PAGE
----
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C# vs. C++

cj
I don't want to start a war but why would I choose one over the other?
First and foremost I need to keep in mind marketability of the skill and
the future of the language.

I'm getting the feeling I'll be moving from VB to one or the other. I
have some say on which but perhaps not the final decision. I have used
C and C++ a little bit years ago. I have no experience in C#. I don't
expect it to be that difficult but I hate remembering the idiosyncrasies
of too many languages so I'd like to pick one C# or C++ and make the
right choice.
Jun 27 '08
151 4297
Alvin Bruney [ASP.NET MVP] wrote:
[...]
>The single most glaringly obvious example of what I mean is that you
can't do template metaprogramming in C#, but there are others.

And what is that good for? [...]
It shifts tasks from the run-time to the compile-time. IMO
the biggest advantage of this is that you catch more errors
at compile-time. OTOH, this allows C++ to rival FORTRAN's
speed for some applications, which for some people is far
more important.
I wouldn't call these obscure features.

Schobi
Jun 27 '08 #61
In article news:<48******* *************** *@news.sunsite. dk>, Arne
Vajhøj wrote:
C# also has abstract classes and even though abstract classes can
be used instead of interfaces, then interfaces especially when
combined with the only inherit from one class but implement
multiple interfaces rules really guide users towards good
OOP style.
I think your notion of "good OOP style" is misplaced. You are saying
what Java programmers have been saying that for some time -- because
Java doesn't give them any choice.

You are, of course, free to follow that convention in C++ -- but if you
do so you will be limiting your design choices. There is nothing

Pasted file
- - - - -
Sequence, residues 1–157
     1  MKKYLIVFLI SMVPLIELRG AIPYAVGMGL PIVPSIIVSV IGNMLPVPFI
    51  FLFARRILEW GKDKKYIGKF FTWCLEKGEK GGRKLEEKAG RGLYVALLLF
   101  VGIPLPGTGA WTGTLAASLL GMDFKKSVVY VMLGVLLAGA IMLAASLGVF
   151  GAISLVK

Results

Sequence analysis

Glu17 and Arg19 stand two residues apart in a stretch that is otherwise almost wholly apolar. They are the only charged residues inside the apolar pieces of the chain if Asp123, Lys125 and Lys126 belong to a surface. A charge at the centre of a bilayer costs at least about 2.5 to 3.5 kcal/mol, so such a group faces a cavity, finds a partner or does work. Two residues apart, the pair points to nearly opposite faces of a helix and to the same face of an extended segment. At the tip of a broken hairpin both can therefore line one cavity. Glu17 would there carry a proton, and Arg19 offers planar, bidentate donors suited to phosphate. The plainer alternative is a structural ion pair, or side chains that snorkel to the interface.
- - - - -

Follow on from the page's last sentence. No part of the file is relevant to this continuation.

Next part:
inherently wrong with allowing a class to inherit from multiple
concrete base classes, and doing so can be a useful way to encapsulate
common aspects of behaviour shared by several classes. This can
simplify design and reduce code sizes.

Cheers,
Daniel.
Jun 27 '08 #62
In article news:<10******* *************** ************@mi crosoft.com>,
Alvin Bruney [ASP.NET MVP] wrote:
Don't confuse flexibility with lack of safety -- you can have the
one without the other.

How is this confused? My point was C# is not less flexible because
it allows pointer tricks, ...
... and your point is misplaced because it is largely not the ability to
perform "pointer tricks" that makes C++ more flexible or more powerful.

Yes, being able to manipulate machine addresses through pointers may
make C++ a suitable choice for very low level code (firmware, drivers,
etc.) -- which C# is not -- but on most modern architectures (with
hardware memory management and address remapping) C++'s addresses don't
correspond to meaningful physical memory addresses anyway.

No, pointer manipulation is not what we're discussing, here.
The single most glaringly obvious example of what I mean is that you
can't do template metaprogramming in C#, but there are others.

And what is that good for?
If you have no conception of the answer to that question I can't hope to
persuade you that you are missing something very important.
I wouldn't go searching for obscure features to compare against C#.
What I would do is compare common code paths and implementation.
Like it or not, C++ is a dying sport. Holding on to obscurities
will not inject life into it.
There's nothing obscure about TMP. It's what makes the C++ standard
library so hugely powerful, it's what makes some of the amazingly useful
libraries in, for example, Boost possible. Modern C++ code is built on